The environment of Malham Moor and the surrounding area, wonderfully rich in natural history, makes an ideal wilderness retreat. Its wealth stems from the climate and the geology. Limestone was laid down beneath ancient seas and capped by sandstone deposits. Raised up, fractured by fault lines and scoured by glaciers it forms the watershed of the Pennines. Malham Moor spans the headlands of 3 rivers, the Aire, the Ribble and the Wharfe. In the ice ages glacial melt water wore deep valleys now often left dry as the hydrology seeks underground ways. The relic gritstone caps shape the profile of the highest hills. This manifests in craggy edges as well as in erratic boulders abandoned by the retreating ice. The rich variety of landscape thus formed results in diverse habitats.
The line of the mid-Craven fault, stretching from Kirkby Lonsdale via Malham to Pateley Bridge, is unmistakable. It is defined by limestone uplands to the north and grassy pastureland to the south. Because of this fault, the area is richly endowed with minerals. Also on Malham Moor, local roads follow the parallel well-drained line of the North Craven fault.
You will notice that the area is characterised by pot-holes and sink-holes of the fossil-rich limestone with a thin covering of glacial moraine. The shallow lime-rich lake of Malham Tarn is scooped out on a bed of slate. Higher land is cloaked with rich peat bogs, with green grasses in the stream valleys. Scattered farms have islands of in-by fields for hay and grazing. Woodlands are sparse, largely because ancient trees have been felled and sheep prevent natural regeneration. South of the fault line the altitude drops and lower lands support a more general agriculture with scattered villages.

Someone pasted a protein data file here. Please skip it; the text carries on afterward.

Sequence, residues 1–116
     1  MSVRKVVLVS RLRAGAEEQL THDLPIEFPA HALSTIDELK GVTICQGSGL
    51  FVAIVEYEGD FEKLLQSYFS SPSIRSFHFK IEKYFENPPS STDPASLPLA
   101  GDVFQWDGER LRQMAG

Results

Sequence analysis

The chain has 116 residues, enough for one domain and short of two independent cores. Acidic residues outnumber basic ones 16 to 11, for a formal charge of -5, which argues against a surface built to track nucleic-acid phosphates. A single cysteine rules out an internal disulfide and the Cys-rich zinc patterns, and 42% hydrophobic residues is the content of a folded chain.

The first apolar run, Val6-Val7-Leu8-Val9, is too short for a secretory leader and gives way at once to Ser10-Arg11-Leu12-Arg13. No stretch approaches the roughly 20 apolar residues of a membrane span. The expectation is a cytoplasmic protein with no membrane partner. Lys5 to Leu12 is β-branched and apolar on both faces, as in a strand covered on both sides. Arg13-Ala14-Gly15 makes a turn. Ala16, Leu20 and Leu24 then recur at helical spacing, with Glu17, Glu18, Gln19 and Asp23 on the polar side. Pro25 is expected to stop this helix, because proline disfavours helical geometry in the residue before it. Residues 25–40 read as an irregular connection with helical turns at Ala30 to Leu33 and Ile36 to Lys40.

Adjoining High Trenhouse, Malham Tarn estate, once the country seat of Walter Morrison, is owned by the National Trust. The estate supports a centre run by the Field Studies Council. As a result young students are able to learn from nature and public courses help people appreciate this wonderful area. Malham Tarn is a designated Ramsar site – a wetland of world class significance. Largely this is because of its particular juxtaposition of calcium rich waters and acid peat bog – a combination that creates unique ecosystems. Consequently the whole area is classified a Site of Special Scientific Interest (SSSI).
People know the area best for its birdlife. The characteristic ground nesting birds of the uplands, pewits, skylarks, curlews and oystercatchers, fill the summer air with sound. Also many migrant species seek out this rich landscape. Most noteworthy, peregrine falcons nest at Malham Cove. Also many people delight in the flowers of the limestone pastures, on the tarn moss and fenlands, or the rare species found on the upper slopes of Penyghent. The grikes in the limestone pavements house their own secret gardens. The unique flora sustains a diversity of butterflies and insects in symbiotic relationship.
As a result of this unique combination Malham Moor is a perfect place for a wilderness retreat.